BOOKMARK May 2022 Book recommendations
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Rose Nicholson by Andrew Greig
The first book is featuring at the BOOKMARK meet the author event on 21 May, when Magnus Linklater will be interviewing Andrew Grieg about his latest novel, Rose Nicolson (ISBN:9781784292980) hardback; paperback due out in June (ISBN:9780857054869). This story has it all. Set in the immediate aftermath of the Scottish Reformation, when Queen Mary has fled and her heir, Jamie, is but a boy, this is a tale of menace, conspiracy and high politics. For our protagonist, Will Fowler, it is also a tale of love, friendship and derring-do.
A Tidy Ending by Joanna Cannon
A Tidy Ending by Joanna Cannon (ISBN:9790008255022). Don’t be fooled by the suburban, domestic setting. This is a twisty story of a daughter’s relationship with a beloved father, the damage inflicted by a deep psychological trauma and…. No, I cannot give anymore away, except to say I truly did not see that end coming!
The Lost Daughter by Elena Ferrante
(Europa Editions, 2021)
Family and relationships are a big theme in Elena Ferrante’s books. She is perhaps best known for My Brilliant Friend (ISBN: 978178 7702226, paperback, Europa Editions, 2020), which I heartly recommend (possibly while holidaying in Sorrento, sipping an iced Limoncello, looking over to Naples – just a suggestion!). However, I’m going to point you towards The Lost Daughter (ISBN: 9781787704183). A story of womanhood, motherhood and the consequences of difficult choices, explored through the conflicting emotions these two states can sometimes evoke.
The Japanese Lover by Isabel Allende
(Simon & Schuster, 2016)
Isabel Allende is another prolific writer on friendship. I haven’t yet read her latest book, Violeta (ISBN: 9781526648341, hardback, Bloomsbury Publishing, 2022) – though it’s been added to the ‘leaning bedside tower’. Instead, I want to recommend The Japanese Lover (ISBN: 9781471152191): a multi-generational, multi-cultural, multi-faceted love story. The story starts against the backdrop of the Second World War, when two young people meet, only to be pulled apart: Alma, a member of a wealthy San Francisco family, and Ichimei, the son of the family’s Japanese gardener. In this gentle and poignant portrait of a deep passion, we see them repeatedly reuniting over the years, but never truly allowed to be together.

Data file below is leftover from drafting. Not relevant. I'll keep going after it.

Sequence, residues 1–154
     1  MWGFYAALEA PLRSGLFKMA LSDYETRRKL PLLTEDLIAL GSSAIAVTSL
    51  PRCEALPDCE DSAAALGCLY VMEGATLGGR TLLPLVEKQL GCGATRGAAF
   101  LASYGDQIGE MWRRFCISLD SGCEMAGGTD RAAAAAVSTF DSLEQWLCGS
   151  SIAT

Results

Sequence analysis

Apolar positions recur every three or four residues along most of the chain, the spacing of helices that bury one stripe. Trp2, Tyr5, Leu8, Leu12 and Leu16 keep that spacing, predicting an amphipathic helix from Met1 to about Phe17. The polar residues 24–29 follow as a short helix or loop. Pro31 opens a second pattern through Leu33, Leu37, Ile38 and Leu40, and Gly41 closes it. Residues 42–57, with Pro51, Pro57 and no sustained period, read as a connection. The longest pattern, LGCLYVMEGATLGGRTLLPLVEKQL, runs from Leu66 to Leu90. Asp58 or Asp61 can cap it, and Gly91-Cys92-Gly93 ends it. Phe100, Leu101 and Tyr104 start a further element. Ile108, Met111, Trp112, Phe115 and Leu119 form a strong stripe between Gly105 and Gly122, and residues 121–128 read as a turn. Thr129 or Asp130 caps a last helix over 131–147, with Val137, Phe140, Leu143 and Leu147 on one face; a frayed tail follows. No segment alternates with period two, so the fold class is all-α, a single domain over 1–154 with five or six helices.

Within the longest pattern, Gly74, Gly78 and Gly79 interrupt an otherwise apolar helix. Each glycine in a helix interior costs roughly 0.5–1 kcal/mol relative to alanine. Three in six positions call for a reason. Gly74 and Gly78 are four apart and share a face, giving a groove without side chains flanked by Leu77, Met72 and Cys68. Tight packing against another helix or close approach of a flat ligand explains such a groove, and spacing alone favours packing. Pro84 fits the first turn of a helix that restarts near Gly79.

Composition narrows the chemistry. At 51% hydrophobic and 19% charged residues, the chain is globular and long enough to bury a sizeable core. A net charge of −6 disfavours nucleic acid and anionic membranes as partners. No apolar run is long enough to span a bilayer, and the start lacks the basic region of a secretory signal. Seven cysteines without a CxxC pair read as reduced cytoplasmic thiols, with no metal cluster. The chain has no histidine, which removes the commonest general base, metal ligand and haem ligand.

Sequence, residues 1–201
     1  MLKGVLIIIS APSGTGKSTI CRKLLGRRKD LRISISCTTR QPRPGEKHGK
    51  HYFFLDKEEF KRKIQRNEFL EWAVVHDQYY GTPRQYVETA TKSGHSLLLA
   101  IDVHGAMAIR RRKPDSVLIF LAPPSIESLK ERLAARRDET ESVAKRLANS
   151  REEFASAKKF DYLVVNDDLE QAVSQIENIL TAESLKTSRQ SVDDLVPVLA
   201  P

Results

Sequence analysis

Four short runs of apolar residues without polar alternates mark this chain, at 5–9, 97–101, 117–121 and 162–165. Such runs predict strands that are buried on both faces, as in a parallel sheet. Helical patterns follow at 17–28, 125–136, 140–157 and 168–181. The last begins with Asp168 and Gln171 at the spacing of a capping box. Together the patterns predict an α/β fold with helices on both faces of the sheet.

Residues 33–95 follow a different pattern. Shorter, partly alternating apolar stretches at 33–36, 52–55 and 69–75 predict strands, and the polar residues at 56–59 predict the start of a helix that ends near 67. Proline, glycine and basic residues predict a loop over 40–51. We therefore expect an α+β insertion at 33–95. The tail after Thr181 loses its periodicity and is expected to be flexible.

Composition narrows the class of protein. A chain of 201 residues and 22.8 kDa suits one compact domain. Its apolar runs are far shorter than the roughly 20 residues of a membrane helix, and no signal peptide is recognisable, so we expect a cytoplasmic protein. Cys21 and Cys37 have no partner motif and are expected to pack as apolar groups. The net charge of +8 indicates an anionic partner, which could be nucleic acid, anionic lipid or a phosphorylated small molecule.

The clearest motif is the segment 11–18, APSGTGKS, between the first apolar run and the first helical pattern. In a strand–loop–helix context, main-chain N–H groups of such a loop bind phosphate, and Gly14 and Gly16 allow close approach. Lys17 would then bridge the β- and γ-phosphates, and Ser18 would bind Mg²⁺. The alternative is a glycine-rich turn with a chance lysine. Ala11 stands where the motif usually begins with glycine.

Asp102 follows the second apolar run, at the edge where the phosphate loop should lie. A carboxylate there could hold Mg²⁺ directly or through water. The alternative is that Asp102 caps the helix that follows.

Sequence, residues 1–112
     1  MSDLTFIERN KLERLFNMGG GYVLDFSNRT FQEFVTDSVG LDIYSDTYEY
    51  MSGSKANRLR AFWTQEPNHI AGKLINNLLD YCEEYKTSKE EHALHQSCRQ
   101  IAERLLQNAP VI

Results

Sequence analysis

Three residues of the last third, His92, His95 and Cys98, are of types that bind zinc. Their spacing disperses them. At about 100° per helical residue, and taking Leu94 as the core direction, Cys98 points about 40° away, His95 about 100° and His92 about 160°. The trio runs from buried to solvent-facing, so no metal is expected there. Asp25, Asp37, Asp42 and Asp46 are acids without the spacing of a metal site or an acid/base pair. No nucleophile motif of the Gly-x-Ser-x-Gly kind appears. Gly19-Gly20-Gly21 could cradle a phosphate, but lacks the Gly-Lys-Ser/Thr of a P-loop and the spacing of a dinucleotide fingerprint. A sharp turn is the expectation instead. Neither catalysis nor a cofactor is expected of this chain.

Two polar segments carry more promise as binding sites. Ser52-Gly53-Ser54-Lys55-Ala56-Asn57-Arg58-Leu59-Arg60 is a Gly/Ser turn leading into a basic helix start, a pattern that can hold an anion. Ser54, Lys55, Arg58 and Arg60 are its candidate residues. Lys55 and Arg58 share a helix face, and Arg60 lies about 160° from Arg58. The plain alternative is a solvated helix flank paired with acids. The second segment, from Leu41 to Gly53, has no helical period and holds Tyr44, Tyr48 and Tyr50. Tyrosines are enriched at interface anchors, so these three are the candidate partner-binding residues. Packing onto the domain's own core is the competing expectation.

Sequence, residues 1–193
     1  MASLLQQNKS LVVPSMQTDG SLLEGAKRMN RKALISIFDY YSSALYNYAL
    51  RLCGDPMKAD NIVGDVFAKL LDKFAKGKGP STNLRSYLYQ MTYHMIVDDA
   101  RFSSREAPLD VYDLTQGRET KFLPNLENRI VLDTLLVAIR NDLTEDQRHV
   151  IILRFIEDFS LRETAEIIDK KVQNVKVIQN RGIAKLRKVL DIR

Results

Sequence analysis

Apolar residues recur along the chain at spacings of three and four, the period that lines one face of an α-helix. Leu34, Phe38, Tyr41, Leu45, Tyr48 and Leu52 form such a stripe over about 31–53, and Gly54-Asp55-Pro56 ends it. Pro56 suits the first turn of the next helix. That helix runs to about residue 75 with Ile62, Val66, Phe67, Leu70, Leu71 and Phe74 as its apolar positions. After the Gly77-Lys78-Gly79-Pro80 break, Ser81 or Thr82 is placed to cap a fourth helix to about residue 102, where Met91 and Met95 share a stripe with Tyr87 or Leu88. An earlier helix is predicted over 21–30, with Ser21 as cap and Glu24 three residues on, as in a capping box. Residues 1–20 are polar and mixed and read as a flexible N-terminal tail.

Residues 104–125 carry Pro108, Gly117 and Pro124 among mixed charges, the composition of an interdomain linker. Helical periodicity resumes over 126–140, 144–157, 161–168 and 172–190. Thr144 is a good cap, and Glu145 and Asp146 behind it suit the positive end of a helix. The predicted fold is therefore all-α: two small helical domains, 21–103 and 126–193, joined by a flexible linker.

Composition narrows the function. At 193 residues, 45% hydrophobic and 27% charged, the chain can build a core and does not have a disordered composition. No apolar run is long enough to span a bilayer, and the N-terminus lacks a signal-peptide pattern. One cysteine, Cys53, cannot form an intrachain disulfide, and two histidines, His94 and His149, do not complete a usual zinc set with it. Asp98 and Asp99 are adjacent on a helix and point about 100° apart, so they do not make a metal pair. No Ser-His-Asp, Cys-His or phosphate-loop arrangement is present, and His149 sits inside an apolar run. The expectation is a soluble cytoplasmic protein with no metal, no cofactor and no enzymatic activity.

Little Women by Louisa May Alcott
(Penguin Classics, 2009)
We’re dipping into the classics for the remaining couple of recommendations, beginning with Little Women by Louisa May Alcott (ISBN: 9780141192413) – NB: this edition contains the full story, but most UK publications split the story into two: Little Women and Good Wives). A portrait of a family, coping with war, illness and death, fortified by love, hope and dreams.
The Adventures of Tom Sawyers by Mark Twain
Finally, The Adventures of Tom Sawyer by Mark Twain (ISBN: 978000742011). I’m a big fan of rereading ‘children’s’ books later in life – every time I do, I remember some of the original joy and experience something new. However, I never read this book as a child and only came to it much later, when it was being referenced in a psychology book: specifically, the scene where Tom has to whitewash a fence, and manages to motivate (or manipulate?) his friends into doing the work for him. It’s witty and fun: a treatise on friendship.